TV stations not ready to pull Crist's anti-Castor ad
By TIM GRANT
© St. Petersburg Times, published November 3, 2000
TAMPA -- It appears unlikely that television stations will stop running an ad that criticizes Democrat Kathy Castor for a disputed connection with a troubled nursing home company.
Castor, who is running for state Senate District 13, has asked two law firms to help her stop a political ad that praises her Republican opponent Victor Crist for improving nursing homes while criticizing her because her former law firm "represented nursing homes guilty of the largest Medicare fraud in history."
She calls it "an outright lie," but the Republican Party is standing behind the ad, which it produced on behalf of Crist.
Right now, all four of the network television stations in Tampa Bay have asked both sides to back up their claims, but the stations most likely will keep running the paid political ad until managers are convinced it is false.
"It could go back and forth until Election Day," said Larry Jopek, sales manager at WFTS-Ch. 28.
Castor's former law firm, Broad & Cassel, is a paid lobbyist in Tallahassee for Beverly Enterprises. Beverly Enterprises was forced to pay a $175-million fine in a federal fraud case in California. But Castor said her firm did not represent the company in that case, and she never did work for the company.
"These are real desperate attempts to connect me to something, and I cannot believe they are floating these untruths and falsehoods," Castor said.
Meanwhile, Castor continues to run her attack ads against Crist.
In one ad, Crist is criticized for voting against $100-million for new school construction, against patients' rights to sue HMOs and against gun control. Wayne Garcia, a spokesman for the Crist campaign, said Castor has even distorted Crist's face "to make him look demonic."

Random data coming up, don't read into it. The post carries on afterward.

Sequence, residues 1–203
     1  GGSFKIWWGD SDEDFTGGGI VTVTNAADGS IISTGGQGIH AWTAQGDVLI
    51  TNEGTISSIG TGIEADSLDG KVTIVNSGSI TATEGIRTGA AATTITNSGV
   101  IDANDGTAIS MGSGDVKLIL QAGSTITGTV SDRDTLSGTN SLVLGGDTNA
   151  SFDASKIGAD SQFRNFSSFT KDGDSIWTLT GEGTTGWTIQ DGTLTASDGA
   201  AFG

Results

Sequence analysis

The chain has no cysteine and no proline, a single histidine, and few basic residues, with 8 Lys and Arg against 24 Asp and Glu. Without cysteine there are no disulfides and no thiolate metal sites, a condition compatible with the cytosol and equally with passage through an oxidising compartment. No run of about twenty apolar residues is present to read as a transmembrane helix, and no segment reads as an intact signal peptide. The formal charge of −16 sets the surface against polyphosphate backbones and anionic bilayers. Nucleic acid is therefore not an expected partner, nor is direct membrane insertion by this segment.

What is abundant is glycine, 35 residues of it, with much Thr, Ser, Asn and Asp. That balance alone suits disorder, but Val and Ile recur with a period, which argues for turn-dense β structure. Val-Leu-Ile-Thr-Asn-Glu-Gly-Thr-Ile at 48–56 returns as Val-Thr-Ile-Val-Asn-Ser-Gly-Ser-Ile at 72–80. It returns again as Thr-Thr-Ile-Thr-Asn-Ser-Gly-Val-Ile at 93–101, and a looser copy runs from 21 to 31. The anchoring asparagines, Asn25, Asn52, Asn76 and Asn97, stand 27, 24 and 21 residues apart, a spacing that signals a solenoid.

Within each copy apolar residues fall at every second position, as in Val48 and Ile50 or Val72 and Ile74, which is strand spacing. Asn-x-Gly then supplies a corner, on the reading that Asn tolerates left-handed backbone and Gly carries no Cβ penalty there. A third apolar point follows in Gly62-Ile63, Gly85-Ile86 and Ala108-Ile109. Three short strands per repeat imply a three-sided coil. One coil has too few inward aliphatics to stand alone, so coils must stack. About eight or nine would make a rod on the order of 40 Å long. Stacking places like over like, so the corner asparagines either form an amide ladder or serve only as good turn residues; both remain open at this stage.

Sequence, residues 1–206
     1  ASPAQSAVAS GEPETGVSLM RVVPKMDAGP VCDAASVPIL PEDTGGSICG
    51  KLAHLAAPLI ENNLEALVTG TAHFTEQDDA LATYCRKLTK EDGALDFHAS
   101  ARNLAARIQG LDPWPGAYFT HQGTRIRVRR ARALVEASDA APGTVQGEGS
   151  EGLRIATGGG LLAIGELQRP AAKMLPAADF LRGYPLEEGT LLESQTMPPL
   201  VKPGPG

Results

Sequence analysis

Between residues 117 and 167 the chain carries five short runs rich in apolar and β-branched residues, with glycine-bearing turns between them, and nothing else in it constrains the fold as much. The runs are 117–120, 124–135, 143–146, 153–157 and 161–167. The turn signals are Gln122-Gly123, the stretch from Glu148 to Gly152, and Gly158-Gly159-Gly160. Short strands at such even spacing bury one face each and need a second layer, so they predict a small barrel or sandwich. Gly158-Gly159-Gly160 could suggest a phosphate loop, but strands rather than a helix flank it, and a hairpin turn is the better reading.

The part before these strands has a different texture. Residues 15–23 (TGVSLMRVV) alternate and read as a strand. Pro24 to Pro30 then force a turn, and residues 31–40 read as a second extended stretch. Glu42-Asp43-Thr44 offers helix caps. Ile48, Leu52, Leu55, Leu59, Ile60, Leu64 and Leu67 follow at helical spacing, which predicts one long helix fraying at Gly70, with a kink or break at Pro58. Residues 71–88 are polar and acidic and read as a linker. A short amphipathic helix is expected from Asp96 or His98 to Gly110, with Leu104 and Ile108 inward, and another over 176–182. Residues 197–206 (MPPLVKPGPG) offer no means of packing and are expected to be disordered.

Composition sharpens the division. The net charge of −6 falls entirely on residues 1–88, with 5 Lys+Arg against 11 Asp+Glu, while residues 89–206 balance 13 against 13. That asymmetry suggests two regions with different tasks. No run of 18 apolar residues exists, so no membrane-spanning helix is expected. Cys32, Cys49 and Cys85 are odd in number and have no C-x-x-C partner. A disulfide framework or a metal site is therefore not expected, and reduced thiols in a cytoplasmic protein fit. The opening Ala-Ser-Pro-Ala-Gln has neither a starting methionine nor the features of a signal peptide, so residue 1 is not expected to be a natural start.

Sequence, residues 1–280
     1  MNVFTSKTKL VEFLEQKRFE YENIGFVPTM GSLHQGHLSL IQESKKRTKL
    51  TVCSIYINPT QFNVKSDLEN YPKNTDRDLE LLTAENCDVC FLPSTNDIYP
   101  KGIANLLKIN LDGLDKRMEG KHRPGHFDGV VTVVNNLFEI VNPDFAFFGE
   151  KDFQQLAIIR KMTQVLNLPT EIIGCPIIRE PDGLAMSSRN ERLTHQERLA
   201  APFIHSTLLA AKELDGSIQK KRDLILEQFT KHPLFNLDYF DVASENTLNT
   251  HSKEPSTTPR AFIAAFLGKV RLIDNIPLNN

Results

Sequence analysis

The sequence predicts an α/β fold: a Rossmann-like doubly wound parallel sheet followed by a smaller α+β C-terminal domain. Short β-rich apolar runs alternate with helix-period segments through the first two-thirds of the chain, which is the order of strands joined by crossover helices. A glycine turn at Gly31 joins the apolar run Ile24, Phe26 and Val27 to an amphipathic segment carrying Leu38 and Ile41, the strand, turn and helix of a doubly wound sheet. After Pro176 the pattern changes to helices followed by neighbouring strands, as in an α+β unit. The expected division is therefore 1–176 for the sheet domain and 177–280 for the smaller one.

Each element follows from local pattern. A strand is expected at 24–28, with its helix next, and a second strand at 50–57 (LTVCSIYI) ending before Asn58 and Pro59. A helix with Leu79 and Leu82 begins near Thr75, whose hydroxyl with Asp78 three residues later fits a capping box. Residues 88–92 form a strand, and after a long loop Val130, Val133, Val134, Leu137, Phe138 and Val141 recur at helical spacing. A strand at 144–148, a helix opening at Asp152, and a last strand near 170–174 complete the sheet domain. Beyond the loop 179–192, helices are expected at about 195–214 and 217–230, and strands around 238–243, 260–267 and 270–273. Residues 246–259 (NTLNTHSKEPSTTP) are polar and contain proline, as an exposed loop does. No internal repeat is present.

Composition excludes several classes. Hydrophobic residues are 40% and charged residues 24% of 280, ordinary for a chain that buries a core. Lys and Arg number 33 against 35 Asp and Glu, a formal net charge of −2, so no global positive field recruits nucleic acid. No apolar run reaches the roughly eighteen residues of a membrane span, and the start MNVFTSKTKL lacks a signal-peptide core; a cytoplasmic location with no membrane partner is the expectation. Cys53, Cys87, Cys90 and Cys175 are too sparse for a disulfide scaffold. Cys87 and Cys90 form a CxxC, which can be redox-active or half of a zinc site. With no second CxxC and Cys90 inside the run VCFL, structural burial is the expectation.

"When you look at us enduring four weeks of the same thing she says we did to her, we didn't hire a lawyer. We tried to talk about the issues," Garcia said. "Her issue all along has been to attack Victor Crist."
Crist has said he voted against the $100-million school construction bill because he backed a measure that was ultimately successful and worth $1-billion for state schools. Crist could not be reached for comment to elaborate on the other votes.
Crist and Castor are vying for the seat being vacated by state Sen. John Grant R-Carrollwood.
Castor, a land use lawyer, has said she can bring expertise to the Legislature in this area. She promises to fight for more schools, smaller classes and higher teacher pay. She also wants to improve the relationship between doctors and their patients.
While Castor has a laundry list of goals, Crist says he has built a proven track record during his eight years representing state House District 60 and his 20 years of volunteer community service in the blighted University of South Florida area.
In the Legislature, Crist has often focused on law enforcement. He introduced bills including the 10-20-Life sentencing rules and the Three Strikes Violent Felony Offender Act.
He led a failed Republican attempt to shorten the death row appeals process as well as an unsuccessful GOP attempt to transfer some rule-making powers from the state Supreme Court to Legislators.
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